6 Key Environmental Issues in Japan You Should Know

environmental issues in Japan

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There are a number of different environmental issues in Japan that require significant attention. Here is a list of the most prevalent ones.

6 Key Environmental Issues In Japan You Should Know

As one of the major economies in the world, Japan has made various strides towards improving the lives of its population. The nation consists of four major islands, as well as thousands of other smaller ones. Despite the immense growth in its economy, various environmental issues in Japan still give this nation a headache.

In recent years, Japan has made significant steps towards a cleaner and habitable environment.

However, due to the growth in industrial, business, and agricultural activities, the country still experiences environmental issues that require urgent attention.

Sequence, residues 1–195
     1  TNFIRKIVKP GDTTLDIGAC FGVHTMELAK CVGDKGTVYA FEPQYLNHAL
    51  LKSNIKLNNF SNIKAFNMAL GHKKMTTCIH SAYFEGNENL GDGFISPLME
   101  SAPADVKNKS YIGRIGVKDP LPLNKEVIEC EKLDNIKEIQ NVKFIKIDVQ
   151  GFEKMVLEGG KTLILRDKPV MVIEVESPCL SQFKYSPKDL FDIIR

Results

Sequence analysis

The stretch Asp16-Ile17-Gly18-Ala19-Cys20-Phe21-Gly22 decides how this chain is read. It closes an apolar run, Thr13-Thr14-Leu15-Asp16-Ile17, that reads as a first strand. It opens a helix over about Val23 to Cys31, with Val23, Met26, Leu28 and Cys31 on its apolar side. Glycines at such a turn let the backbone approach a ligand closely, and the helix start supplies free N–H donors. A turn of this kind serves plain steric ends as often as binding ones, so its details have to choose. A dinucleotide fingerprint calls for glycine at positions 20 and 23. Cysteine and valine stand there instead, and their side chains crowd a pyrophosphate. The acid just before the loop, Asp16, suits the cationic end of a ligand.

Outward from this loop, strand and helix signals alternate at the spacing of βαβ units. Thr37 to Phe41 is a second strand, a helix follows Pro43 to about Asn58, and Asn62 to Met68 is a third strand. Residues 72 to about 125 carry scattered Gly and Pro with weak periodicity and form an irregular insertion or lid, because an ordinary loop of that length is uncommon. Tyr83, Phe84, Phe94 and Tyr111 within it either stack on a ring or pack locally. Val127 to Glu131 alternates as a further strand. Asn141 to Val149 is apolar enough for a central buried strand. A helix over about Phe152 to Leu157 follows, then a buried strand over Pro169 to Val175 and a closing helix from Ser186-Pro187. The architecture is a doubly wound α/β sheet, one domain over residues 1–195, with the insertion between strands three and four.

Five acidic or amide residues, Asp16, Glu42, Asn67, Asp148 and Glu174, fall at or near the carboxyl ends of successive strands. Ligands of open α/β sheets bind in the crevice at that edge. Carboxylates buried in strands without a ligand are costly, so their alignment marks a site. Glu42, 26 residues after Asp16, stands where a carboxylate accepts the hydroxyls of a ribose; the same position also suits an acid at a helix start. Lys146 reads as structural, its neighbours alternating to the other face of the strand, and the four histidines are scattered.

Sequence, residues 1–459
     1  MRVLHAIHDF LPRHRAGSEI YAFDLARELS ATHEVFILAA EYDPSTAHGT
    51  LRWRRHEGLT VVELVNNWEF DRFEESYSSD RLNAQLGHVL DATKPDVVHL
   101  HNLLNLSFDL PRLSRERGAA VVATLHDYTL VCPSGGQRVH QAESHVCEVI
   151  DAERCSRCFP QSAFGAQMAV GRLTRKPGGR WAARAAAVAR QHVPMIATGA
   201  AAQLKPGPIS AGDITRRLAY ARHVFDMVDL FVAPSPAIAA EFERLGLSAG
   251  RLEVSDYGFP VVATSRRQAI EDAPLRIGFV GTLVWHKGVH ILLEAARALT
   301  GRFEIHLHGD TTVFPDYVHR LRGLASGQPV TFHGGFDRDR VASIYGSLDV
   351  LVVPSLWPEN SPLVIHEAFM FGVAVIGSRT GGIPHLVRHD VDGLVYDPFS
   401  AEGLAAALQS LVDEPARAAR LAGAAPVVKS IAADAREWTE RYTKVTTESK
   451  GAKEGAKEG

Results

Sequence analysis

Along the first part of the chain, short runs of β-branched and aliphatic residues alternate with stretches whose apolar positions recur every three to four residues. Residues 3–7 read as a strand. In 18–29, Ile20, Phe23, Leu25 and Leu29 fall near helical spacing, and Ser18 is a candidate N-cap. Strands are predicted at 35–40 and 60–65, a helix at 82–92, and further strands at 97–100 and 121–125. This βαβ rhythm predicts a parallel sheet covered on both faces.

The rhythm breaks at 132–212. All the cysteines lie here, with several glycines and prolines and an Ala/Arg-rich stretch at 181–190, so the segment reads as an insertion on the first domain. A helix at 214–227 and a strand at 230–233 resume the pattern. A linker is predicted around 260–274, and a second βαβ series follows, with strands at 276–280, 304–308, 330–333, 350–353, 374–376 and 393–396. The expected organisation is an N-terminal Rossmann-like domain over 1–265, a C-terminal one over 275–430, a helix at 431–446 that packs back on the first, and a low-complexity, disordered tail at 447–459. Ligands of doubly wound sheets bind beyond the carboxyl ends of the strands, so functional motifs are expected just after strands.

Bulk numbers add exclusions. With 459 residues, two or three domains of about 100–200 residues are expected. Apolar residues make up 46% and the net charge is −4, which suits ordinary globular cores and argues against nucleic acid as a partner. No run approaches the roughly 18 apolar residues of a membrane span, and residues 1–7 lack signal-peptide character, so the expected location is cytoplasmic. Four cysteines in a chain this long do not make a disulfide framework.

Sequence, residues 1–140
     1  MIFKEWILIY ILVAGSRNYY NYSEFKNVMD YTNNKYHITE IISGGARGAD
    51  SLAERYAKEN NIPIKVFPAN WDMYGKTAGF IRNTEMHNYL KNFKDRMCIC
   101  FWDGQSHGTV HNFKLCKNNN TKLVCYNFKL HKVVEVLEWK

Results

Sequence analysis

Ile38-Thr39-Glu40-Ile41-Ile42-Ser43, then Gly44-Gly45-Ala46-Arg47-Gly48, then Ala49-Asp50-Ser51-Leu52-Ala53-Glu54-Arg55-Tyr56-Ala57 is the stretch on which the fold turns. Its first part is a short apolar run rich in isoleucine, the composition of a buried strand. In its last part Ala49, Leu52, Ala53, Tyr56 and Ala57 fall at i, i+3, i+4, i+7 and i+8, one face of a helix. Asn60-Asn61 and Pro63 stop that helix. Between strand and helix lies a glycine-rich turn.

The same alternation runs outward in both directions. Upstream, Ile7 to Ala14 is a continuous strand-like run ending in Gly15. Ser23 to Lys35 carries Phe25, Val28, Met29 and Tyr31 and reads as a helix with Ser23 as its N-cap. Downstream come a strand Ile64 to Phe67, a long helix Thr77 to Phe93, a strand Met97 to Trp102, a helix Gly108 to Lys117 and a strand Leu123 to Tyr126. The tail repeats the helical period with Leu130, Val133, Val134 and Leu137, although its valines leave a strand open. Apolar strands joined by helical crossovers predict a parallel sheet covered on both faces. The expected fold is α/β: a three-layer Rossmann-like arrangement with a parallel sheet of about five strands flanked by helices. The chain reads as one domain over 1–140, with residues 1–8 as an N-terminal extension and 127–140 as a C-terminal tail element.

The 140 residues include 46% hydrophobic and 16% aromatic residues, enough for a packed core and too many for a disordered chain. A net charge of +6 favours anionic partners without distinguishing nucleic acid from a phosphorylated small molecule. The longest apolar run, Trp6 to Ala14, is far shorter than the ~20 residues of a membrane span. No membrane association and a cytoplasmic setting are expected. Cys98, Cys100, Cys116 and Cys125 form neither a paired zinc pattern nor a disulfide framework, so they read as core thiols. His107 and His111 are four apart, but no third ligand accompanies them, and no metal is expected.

Want to know more about sustainability? Read our in-depth guide to sustainability.

In today’s article, we will try to explore the various environmental issues in Japan, and the steps and policies they have put in place, to tackle them. Here are the main environmental issues.

List of Top Environmental Issues in Japan

  1. Waste Management

One of the most prevalent environmental challenges in Japan is waste and its disposal. For example, Japan destroys almost 2/3 of its waste using industrial or municipal incinerators. This burning of waste materials has significantly raised the amounts of dioxin in the country’s atmosphere.

The trash levels which the modern lifestyle in japan has brought, poses a big threat to the environment and by burning the waste, brings more problems. These massive waste amounts bring various challenges, including grave scarcity of landfill sites, as well as the increase in incidences of illegal dumping of waste material.

Also, the small size of the country, as compared to the waste materials released every day, means that Japan has no enough space to accommodate such levels of waste.